Fools, or jesters, would have been known by many of those in Shakespeare’s contemporary audience, as they were often kept by the royal court, and some rich households, to act as entertainers. They were male, as were the actors, and would wear flamboyant clothing and carry a ‘bauble’ or carved stick, to use in their jokes. They were often allowed to get away with satirical comments that others in the court could not, but they would still have to be careful (as we see in King Lear, when the fool is whipped for going too far).
Shakespeare utilizes these characters of fools, also sometimes equated with the word ‘clown‘, throughout his plays to a variety of differing ends, but in general terms he most often portrays two distinct types of fool: those that were wise and intelligent, and those that were ‘natural fools’ (idiots that were there for light entertainment). You can see some of Shakespeare’s wise fools in Touchstone (from As You Like It, who was Shakespeare’s first use of a fool), Feste (from Twelfth Night), and Lear’s Fool (from King Lear), whereas some of his ‘natural fools’ include Lance (from The Two Gentlemen of Verona), Bottom (from A Midsummer Night’s Dream), and Dogberry (from Much Ado About Nothing).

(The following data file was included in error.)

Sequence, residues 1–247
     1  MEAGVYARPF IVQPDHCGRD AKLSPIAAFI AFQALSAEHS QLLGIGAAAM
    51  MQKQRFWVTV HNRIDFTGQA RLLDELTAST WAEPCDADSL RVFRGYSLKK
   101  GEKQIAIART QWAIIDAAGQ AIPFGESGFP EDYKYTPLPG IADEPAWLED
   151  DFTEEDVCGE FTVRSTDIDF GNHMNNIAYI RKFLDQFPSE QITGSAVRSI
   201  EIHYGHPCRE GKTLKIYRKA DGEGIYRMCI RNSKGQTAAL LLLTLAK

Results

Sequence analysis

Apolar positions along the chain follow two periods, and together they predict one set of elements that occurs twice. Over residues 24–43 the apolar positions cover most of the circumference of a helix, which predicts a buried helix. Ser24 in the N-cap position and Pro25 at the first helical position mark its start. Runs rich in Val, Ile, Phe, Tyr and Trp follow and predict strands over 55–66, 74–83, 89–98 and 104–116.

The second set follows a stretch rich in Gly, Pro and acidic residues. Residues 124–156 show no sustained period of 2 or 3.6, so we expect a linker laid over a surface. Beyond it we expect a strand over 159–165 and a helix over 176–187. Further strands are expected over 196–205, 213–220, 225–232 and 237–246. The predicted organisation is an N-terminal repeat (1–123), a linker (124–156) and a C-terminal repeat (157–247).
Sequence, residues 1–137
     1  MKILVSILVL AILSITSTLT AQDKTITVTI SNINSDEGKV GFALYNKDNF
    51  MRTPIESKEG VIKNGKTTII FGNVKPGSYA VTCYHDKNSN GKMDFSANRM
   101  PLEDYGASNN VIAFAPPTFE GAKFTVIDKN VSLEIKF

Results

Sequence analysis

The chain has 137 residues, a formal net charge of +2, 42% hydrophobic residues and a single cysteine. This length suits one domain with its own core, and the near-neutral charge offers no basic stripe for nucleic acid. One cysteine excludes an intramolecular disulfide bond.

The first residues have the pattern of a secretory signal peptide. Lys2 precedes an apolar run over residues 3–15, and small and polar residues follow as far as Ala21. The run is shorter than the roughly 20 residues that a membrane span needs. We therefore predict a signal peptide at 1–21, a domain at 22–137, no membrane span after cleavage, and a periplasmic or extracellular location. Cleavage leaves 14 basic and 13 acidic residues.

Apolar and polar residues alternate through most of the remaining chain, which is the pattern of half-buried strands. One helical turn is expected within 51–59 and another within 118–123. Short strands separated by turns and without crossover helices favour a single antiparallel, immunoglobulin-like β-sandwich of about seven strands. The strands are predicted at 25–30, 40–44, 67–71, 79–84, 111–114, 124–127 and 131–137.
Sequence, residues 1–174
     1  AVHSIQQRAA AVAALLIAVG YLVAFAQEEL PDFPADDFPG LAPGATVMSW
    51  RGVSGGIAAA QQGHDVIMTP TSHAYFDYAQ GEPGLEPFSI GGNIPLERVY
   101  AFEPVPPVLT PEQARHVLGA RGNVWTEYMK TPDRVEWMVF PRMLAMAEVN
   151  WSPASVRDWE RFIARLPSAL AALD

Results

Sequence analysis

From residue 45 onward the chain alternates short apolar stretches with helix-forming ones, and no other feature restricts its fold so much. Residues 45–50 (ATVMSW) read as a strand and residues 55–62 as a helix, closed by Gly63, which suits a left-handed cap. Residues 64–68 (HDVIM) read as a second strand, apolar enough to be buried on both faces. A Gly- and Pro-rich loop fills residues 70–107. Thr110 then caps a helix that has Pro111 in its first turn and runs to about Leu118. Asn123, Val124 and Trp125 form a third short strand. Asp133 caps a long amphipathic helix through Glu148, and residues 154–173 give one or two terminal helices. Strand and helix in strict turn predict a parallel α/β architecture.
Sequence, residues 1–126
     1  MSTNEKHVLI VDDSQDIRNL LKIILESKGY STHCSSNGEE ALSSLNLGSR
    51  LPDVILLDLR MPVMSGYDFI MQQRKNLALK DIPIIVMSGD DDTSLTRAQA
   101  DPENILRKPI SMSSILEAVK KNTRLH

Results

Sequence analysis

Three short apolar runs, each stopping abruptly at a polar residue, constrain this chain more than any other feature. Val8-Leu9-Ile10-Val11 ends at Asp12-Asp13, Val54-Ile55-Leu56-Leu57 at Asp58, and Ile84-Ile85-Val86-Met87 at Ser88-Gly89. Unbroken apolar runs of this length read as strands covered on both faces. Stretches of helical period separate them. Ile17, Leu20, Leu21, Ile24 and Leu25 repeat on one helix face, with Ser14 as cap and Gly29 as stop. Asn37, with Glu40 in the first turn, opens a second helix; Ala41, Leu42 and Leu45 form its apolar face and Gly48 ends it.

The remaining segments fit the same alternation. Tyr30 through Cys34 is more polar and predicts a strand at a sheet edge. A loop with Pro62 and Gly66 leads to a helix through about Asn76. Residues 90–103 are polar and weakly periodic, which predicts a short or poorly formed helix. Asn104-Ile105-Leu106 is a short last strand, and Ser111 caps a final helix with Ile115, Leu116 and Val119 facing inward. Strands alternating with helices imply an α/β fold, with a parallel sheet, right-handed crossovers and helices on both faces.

From song and dance on stage to the costumes they wore, discover some facts about fools, and quotes from Shakespeare’s plays, via the graphic below. If you’re interested in finding out more, then download the graphic as a PDF to click through to some extended content.
Download the graphic as a PDF or as a JPG.
Featured image credit: ‘Fool’s Cap Map of the World’ by Epichtonius Cosmopolites. Public Domain via Wikimedia Commons.
Shakespeare expresses his wit in a way through the characters of clowns of wit.
Shakespeare’s fools reflect the Elizabethan England’s culture, customs and of course follies.
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